Our School seeks the excellence in all of us.
It says so in our Mission.
I get impatient with people who roll their eyes at the notion of excellence. These skeptics have heard it said so often (about a team, a school, a business, or an organization – whatever), and they have seen these same businesses, teams, school, organizations or whatever crumble shoddily in the crucible of excellence, that they wonder how anyone can offer up this effigy if it is only going to be burned. We should know better, they say, than to invite the jaundiced judgement of those who know the world cannot be an excellent place.
Too often, the jaded eye-roller is simply confusing excellent with perfection. The pursuit of perfection is an obsession, and too often distorts the life of the individual pursuing it and damages those nearby. Debaters can debate if perfection is attainable at all; Olympic gymnasts would say it is. It might even be repeatable, but essentially it is the thing of a moment, a one-time thing. Excellence, on the other hand, as Aristotle says, is a habit.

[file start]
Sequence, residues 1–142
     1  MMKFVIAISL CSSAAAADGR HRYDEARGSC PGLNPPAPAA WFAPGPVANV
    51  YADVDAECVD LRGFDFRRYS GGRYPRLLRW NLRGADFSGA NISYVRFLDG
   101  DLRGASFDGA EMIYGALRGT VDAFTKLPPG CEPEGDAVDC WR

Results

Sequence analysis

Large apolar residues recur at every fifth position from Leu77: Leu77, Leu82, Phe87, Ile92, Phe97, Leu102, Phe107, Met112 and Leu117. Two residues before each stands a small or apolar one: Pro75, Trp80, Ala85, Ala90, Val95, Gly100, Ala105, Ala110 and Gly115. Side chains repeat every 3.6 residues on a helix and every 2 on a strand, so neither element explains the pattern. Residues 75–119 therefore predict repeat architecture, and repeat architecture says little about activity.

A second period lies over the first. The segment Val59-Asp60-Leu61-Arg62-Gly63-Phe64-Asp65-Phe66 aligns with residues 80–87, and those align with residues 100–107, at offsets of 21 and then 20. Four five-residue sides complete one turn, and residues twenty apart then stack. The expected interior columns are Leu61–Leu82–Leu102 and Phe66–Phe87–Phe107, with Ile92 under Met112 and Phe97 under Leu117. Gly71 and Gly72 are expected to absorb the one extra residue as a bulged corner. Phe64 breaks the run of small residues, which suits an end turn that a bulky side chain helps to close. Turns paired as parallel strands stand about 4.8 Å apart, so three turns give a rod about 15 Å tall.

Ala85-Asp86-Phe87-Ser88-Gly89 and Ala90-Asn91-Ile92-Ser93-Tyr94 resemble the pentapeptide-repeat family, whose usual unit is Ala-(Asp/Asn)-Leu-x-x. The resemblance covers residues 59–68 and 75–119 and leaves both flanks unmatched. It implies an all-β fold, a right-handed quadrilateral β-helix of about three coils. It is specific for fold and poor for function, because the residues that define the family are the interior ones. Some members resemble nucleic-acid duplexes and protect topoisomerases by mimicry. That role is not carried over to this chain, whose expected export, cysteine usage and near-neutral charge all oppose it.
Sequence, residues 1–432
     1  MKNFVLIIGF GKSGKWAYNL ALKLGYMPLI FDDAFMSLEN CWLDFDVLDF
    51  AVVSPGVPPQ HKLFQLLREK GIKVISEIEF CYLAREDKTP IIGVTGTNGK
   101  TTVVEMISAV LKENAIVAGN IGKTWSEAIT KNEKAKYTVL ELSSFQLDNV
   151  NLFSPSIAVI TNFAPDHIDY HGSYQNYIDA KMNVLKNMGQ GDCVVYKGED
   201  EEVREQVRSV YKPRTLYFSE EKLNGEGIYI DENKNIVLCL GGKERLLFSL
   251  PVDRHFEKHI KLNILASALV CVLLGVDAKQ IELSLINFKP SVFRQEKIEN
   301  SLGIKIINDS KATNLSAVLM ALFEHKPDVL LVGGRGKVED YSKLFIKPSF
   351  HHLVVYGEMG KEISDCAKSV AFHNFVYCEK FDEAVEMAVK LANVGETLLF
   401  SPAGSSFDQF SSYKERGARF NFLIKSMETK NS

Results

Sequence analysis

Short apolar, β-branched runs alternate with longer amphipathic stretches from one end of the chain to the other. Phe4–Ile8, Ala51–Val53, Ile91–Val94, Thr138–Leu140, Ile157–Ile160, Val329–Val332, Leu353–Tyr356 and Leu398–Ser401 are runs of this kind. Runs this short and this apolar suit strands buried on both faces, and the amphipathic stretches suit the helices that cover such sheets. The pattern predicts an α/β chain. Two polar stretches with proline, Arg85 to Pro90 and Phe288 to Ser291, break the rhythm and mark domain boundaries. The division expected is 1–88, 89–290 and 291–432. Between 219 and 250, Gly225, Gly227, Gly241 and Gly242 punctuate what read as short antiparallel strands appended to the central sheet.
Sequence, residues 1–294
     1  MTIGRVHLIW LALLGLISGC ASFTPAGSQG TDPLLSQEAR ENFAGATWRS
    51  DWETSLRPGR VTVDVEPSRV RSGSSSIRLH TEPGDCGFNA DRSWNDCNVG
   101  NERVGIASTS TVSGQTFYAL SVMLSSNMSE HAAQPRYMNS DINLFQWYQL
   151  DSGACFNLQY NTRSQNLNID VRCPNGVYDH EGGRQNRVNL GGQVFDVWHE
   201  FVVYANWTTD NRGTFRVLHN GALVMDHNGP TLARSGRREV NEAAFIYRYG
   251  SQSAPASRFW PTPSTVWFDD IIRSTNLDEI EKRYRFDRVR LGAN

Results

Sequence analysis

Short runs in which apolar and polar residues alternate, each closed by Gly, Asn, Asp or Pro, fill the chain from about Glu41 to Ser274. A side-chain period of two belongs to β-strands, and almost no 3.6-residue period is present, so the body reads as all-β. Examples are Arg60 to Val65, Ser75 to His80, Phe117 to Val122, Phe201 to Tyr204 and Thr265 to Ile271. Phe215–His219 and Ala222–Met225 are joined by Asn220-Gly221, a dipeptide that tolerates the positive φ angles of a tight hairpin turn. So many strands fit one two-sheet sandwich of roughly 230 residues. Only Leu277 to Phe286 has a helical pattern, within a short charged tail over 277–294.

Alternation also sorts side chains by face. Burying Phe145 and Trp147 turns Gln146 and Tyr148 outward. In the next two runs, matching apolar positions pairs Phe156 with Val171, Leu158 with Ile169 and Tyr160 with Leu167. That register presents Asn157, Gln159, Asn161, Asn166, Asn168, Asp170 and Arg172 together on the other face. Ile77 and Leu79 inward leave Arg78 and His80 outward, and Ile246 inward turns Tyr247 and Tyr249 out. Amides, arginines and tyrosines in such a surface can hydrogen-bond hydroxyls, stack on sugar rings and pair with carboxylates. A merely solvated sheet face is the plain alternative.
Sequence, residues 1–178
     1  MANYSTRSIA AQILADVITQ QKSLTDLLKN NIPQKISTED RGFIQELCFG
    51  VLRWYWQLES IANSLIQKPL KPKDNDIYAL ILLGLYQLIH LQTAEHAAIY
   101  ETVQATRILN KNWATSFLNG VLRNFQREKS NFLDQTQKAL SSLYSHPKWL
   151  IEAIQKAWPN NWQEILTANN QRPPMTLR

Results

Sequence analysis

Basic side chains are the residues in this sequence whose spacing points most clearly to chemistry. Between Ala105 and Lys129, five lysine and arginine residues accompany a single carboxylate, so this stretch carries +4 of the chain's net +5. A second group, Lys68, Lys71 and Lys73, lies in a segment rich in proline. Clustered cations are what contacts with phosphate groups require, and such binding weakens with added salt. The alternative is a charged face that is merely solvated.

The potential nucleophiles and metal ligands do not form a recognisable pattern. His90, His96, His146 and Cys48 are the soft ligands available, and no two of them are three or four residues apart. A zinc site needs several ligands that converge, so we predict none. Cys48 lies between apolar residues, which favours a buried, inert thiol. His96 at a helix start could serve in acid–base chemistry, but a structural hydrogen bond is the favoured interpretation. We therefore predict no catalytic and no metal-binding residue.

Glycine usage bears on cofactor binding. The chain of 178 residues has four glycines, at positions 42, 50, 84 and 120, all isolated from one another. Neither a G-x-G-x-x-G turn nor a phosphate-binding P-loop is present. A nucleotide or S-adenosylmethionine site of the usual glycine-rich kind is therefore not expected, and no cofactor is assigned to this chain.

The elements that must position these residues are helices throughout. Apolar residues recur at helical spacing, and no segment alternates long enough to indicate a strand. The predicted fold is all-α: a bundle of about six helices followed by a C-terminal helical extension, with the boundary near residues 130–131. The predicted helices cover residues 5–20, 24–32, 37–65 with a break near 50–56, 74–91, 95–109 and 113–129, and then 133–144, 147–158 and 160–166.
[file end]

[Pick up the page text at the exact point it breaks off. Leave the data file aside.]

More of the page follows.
Any School that seeks excellence should consider needs to make sure the word lives, and articulate it. When we developed our Mission fifteen years ago, we did that. Because it is central to our Mission, we needed some flesh on that skeleton. So we had a discussion – staff, students, alumni, Board – that sought meaning for the word.
We decided that, at St. Michaels University School, excellence had four elements.
First, excellence is about the achievement of potential. We believe that inside all of us is a spectrum of excellence, narrow or wide, that deserves to have its chance in the prism of our School.
Secondly, we believe that students who have a particular individual excellence should be supported as they pursue it.
Thirdly, we believe that we should have programs that are measurably excellent by external criteria.
Fourthly, we believe that an excellent education necessarily includes breadth, so that students become whole people.
Each of these statements has ramifications and consequences. But: in simple terms there is excellence for you. In case you were wondering.